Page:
The Saxon Times

Saxon Times

Battle Extra

22nd September 1066

Catastrophic Battle

Word is just filtering through of the catastrophic battle that was fought at Fulford Gate on 20th September 1066.

It was indeed a black day when the northern Earls Edwin and Morcar were defeated by the Norse.

There are reports of heavy casualties on both sides and our Northern Army has been decimated and is in disarray. The report of the demise of the Earl of Northumberland, Lord Morcar was found to be untrue and My Lord leads what is left of his forces from the relative safety of York.

York is now at the mercy of Harold Hardrada, King of Norway, and Tosti Godwinson, that treacherous brother of the King Harold Godwinson.

News from our Correspondent with the Northern Army, 21st September 1066

The English Earls Edwin, Earl of Mercia, and Morcar, who had replaced Tostig as Earl of Northumbria, gathered together an army to defend York. Although they had had about ten days to prepare a fighting force, intelligence of Hardrada’s intentions was sparse and the move to defend York was delayed until confirmation that Scarborough had been sacked.

The Mercian forces were based in Chester and had to move quickly across the Pennines to join up with Morcar’s men and form a line between Fulford and the Town Walls.

Their bravery was unsurpassed but they were outnumbered almost two to one and it was slaughter.

Those who managed to flee the carnage sought refuge in York. It was disheartening to listen to the battle cries of the Norse that echoed long into the night whilst we recovered what dead we could.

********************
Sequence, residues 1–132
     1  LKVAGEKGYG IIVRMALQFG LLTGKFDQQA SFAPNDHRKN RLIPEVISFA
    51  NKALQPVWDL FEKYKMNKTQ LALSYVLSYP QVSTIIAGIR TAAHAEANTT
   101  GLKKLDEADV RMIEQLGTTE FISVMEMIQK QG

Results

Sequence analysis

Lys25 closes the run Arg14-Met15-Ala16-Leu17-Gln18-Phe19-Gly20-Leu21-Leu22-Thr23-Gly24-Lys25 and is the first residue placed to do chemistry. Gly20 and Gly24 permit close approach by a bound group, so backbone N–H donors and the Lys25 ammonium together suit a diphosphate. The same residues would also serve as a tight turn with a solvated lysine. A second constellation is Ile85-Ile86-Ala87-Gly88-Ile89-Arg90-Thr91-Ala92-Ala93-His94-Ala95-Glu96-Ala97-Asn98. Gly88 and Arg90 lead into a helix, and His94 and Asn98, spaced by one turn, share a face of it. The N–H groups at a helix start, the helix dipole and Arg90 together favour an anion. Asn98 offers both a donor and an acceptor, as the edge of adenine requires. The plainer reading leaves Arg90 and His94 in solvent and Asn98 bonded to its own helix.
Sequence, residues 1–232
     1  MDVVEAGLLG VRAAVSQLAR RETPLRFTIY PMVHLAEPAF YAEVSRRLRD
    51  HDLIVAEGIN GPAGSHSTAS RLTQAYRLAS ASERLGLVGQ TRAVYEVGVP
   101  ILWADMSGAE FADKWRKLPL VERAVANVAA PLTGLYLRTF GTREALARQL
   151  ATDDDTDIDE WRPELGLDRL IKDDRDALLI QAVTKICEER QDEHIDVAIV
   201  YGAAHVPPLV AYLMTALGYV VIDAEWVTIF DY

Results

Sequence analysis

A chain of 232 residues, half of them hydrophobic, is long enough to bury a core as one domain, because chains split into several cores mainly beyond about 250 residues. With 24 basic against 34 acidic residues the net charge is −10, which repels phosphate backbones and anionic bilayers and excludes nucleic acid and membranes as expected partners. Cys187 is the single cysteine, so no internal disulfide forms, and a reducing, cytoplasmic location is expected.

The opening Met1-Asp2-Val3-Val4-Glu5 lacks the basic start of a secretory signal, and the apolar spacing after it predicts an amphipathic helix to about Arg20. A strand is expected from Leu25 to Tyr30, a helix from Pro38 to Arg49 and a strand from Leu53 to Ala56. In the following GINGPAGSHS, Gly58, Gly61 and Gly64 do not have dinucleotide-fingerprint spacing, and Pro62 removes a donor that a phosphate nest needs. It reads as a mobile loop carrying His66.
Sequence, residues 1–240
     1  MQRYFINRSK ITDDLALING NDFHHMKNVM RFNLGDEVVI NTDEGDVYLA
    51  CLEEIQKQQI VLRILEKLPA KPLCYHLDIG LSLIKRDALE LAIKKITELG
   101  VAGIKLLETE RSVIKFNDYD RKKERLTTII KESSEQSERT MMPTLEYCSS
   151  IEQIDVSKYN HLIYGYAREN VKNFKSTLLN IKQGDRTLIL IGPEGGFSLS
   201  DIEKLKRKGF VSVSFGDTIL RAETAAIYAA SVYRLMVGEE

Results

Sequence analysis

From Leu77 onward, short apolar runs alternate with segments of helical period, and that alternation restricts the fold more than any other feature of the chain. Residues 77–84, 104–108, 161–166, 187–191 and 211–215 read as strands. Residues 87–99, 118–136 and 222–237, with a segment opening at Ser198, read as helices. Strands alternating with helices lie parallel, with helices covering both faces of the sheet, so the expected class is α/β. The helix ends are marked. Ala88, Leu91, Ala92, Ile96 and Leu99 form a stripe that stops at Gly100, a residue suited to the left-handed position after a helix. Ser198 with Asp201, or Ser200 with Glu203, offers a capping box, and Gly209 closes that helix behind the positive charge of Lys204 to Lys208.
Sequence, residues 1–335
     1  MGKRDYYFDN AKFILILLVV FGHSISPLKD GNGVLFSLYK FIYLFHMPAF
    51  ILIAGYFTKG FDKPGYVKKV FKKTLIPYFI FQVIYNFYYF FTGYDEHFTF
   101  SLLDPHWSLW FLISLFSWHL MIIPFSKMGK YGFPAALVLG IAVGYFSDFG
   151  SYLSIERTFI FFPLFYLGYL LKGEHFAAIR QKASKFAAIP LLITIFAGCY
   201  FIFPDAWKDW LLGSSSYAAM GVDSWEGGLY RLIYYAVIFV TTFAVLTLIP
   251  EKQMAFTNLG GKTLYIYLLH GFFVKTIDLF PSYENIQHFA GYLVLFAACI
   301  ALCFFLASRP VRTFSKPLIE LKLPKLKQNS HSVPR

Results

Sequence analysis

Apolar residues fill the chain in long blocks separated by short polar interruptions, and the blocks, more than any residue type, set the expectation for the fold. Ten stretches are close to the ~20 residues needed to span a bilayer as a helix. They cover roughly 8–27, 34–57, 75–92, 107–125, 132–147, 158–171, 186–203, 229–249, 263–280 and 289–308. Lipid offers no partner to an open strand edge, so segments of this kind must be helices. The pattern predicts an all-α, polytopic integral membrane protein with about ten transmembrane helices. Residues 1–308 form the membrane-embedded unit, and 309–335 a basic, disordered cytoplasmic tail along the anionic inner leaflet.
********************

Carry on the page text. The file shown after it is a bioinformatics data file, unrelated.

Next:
York is a dark and sombre place today, fearful of the cruel Norse fate that awaits the town.

Battle Facts

Harald Hardrada’s army numbered about 10,000 to the defenders’ 5,000 men. The English were so outnumbered that Harald was able to hold 4,000 of his troops out of the battle entirely. The result was a foregone conclusion

Hindsight is a wonderful thing

Talk among the leading Townsfolk has been little short of bravado. Many see themselves as master strategists with little experience of war to back up their ideas. One was overheard to say “The Earls should have hidden behind the walls of York. They would probably have been more successful in defending the town then facing Hardrada in battle. Why they chose to meet the Norse army across the River Ouse is beyond comprehension. They must have known they were outnumbered”

His comments went unanswered.

The Master of the Town Guard speaks Reason

The Master of the Town Guard was more lucid as to the battle strategy. He said “The English had spread their forces out to secure the flanks, with the river on their right and a swamp on their left. It would create a narrow battle field that would nullify the Norse strength in numbers. They could not be outflanked and they could always fall back to the walls of the town.” He continued “Not wishing to speak ill of those that fought, as my fighting days are long gone, but the Earls had never really fought a full blown battle before and neither had their men. That Hardrada had the high ground and double the number of men that were used to fighting. For some unknown reason, the Earls chose to fight. Me, I’d have used the town walls and waited for reinforcements just to be able to fight another day”

News from the Royal Court

19th September. King Harold learns of the sack of Scarborough. He issues a ‘call to arms’ and prepares his loyal Huscarls, Thegns and supporting frydmen for the march north to defend the Kingdom. On the

20th September, Harold and his forces leave London along Ermine Street toward York.


King Harold has ridden north with the hopes and fears of all England resting on his shoulders. He has campaigned before but York is almost 200 miles away and it will be an epic march. For once, the threat of Duke William is forgotten.

Long Live King Harold

One thought on “The Saxon Times

  1. Pingback: 1066 London to York | historywalksblog

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